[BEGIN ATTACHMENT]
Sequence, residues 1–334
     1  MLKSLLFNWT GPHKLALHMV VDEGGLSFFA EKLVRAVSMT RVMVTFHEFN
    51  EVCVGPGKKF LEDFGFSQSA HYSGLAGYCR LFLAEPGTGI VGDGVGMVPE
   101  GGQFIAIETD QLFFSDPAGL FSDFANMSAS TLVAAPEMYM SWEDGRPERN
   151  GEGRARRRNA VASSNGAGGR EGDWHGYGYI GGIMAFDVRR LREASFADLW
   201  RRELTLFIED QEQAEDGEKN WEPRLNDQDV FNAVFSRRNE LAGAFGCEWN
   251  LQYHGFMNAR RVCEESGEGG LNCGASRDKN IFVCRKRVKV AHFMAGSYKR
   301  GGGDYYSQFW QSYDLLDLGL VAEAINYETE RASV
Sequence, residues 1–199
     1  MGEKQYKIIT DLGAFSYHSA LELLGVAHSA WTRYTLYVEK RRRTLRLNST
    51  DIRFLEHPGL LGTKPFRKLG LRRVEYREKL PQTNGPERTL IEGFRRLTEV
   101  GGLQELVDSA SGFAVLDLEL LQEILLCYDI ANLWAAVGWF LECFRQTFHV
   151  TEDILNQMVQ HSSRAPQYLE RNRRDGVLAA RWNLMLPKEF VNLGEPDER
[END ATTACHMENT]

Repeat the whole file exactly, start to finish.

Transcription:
Sequence, residues 1–334
     1  MLKSLLFNWT GPHKLALHMV VDEGGLSFFA EKLVRAVSMT RVMVTFHEFN
    51  EVCVGPGKKF LEDFGFSQSA HYSGLAGYCR LFLAEPGTGI VGDGVGMVPE
   101  GGQFIAIETD QLFFSDPAGL FSDFANMSAS TLVAAPEMYM SWEDGRPERN
   151  GEGRARRRNA VASSNGAGGR EGDWHGYGYI GGIMAFDVRR LREASFADLW
   201  RRELTLFIED QEQAEDGEKN WEPRLNDQDV FNAVFSRRNE LAGAFGCEWN
   251  LQYHGFMNAR RVCEESGEGG LNCGASRDKN IFVCRKRVKV AHFMAGSYKR
   301  GGGDYYSQFW QSYDLLDLGL VAEAINYETE RASV
Sequence, residues 1–199
     1  MGEKQYKIIT DLGAFSYHSA LELLGVAHSA WTRYTLYVEK RRRTLRLNST
    51  DIRFLEHPGL LGTKPFRKLG LRRVEYREKL PQTNGPERTL IEGFRRLTEV
   101  GGLQELVDSA SGFAVLDLEL LQEILLCYDI ANLWAAVGWF LECFRQTFHV
   151  TEDILNQMVQ HSSRAPQYLE RNRRDGVLAA RWNLMLPKEF VNLGEPDER